Throughout its nearly 24-year career, the Lockheed SR-71 Blackbird Mach 3-strategic reconnaissance aircraft remained the world’s fastest and highest-flying operational aircraft. From 80,000 feet, it could survey 100,000 square miles of Earth’s surface per hour. And in the off chance an enemy tried to shoot it down with a missile, all the Blackbird had to do was speed up and outrun it.
Noteworthy some SR-71 operational sorties had a higher priority than others. There were several means of ensuring they would be flown successfully. The lowest level of mission priority had a spare SR-71 ready and waiting in case the primary aircraft malfunctioned. The next priority level had a spare crew in the cockpit of a second SR-71 waiting for codewords that the primary aircraft had malfunctioned and that they were to launch ASAP. The highest level of priority had a spare SR-71 flying the same route directly behind the primary aircraft by about 30 minutes.
Once the primary aircraft was a “go,” the spare aircraft returned to base.
If a completely new mission was tasked and had a level of difficulty that required in-depth mission planning, it could possibly take the crews several days to get all the details worked out with the mission planners. These were generally high-priority missions that arose from a crisis somewhere in the world.
The following account of one mission during the Yom Kippur War is told by SR-71 pilot Jim Wilson and it can be found in Col. Richard H. Graham book Flying the SR-71 Blackbird:
“On October 6, 1973, the armies of Egypt and Syria opened an offensive against Israel on two fronts, launching a coordinated series of air, armored, and artillery attacks across the Suez Canal into the Sinai and on the Golan Heights. The preemptive strike came as a result of a failure to resolve territorial disputes arising from the Arab-Israeli War of 1967.
“These disputes involved the return of the Sinai to Egypt and return of the Golan Heights to Syria. UN Resolution 242 and Egyptian president Sadat’s peace initiative failed to bring peace. Sadat wanted to sign an agreement with Israel, provided the Israelis returned all the occupied territories, but Israelis refused to withdraw to the pre-1967 armistice lines. Since no diplomatic progress was being made toward peace, Sadat was convinced that to change things and gain legitimacy at home, he must initiate a war with limited objectives.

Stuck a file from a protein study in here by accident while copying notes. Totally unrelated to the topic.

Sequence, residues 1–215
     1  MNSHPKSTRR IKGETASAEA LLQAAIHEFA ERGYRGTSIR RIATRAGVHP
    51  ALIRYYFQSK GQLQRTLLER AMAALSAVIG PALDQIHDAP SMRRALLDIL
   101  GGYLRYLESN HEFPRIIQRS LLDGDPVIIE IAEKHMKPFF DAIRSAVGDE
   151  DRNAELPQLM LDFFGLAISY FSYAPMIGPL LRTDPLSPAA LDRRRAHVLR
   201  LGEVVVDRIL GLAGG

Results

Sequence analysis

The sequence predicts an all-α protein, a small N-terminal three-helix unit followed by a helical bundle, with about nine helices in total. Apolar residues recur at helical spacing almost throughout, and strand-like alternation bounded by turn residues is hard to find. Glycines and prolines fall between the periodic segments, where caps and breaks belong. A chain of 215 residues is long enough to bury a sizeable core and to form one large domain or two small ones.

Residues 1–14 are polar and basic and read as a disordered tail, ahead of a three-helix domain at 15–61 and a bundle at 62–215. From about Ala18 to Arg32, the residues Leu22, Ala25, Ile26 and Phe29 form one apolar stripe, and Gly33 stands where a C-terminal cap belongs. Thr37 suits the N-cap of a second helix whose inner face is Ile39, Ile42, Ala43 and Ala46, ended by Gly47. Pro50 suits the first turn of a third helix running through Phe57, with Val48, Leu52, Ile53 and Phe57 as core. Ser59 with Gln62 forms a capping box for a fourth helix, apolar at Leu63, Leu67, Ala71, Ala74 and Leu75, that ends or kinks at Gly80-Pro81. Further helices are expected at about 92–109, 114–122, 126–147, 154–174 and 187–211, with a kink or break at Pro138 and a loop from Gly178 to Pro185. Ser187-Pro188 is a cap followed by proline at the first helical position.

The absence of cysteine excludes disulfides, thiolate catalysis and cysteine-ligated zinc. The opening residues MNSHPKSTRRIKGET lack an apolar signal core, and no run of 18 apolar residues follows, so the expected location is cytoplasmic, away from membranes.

“Along the Suez Canal, eighty thousand well-equipped members of Egyptian army who had crossed the Suez on rapidly constructed pontoon bridges attacked fewer than five hundred Israeli defenders. In the Golan Heights, approximately 180 Israeli tanks faced an onslaught of 1,400 Syrian tanks. Initial Israeli military losses were significant, and assistance was requested from the United States.
“National reconnaissance satellites did not have the capability that needed to sufficiently assess the situation. The 9th SRW at Beale AFB, California, was alerted to prepare to fly SR-71 missions from Beale AFB over the area of conflict and recover at RAF Base Mildenhall, England, a mission within the design capability of the aircraft, although a long and logistically difficult mission never before accomplished in operational environment.
“Within the first few days of the conflict, the supporting Arab nations initiated an oil embargo, making oil a weapon of war and contributing to a decision by the British government to deny approval to use Mildenhall as a recovery base. Plan B was rapidly drawn up to fly SR-71 out of Griffiss AFB, New York, through the area of conflict, and recover back at Griffiss. These never-before-accomplished twelve thousand—mile missions would require five air-to-air refuelings, the deployment of sixteen KC-135Q supporting tankers with special JP-7 fuel to Spain, and a specialized maintenance intelligence and operational support planning staff to Griffiss. The 9th SRW was well prepared, and in utmost secrecy, the forces were mobilized and deployed. The first mission was successfully completed on October 13.
“I was a fairly young pilot in the squadron at the time, with only one operational tour and about 120 hours of SR-71 time under my belt. On October 20, I was assigned to fly a backup SR-71 from Beale to Griffiss in an alert posture, prepared to fly follow-on missions. We flew successful missions on October 25 and November 2, where I served as backup pilot. My turn as primary came up on November 11. The excitement level was high, as I certainly wanted to be part of the Force and the wing’s success in completing the mission as tasked.
“Takeoff was at 2 a.m. on a brisk and clear autumn night with about fifteen inches of snow already on the ground. It was peacefully calm — until I lit each of the thirty-four-thousand-pound thrust afterburners. The first 450 mites had to be flown subsonic at 0.9 Mach, since we had to clear the commercial aircraft flight tracks out of Boston and New York to Europe before we could safely conduct air refueling operations. Radio-silent electronic rendezvous with three tankers 250 miles out over the North Atlantic at 3 a.m. went well, as did the seventy-thousand-pound (10,600-gallon) fuel offload.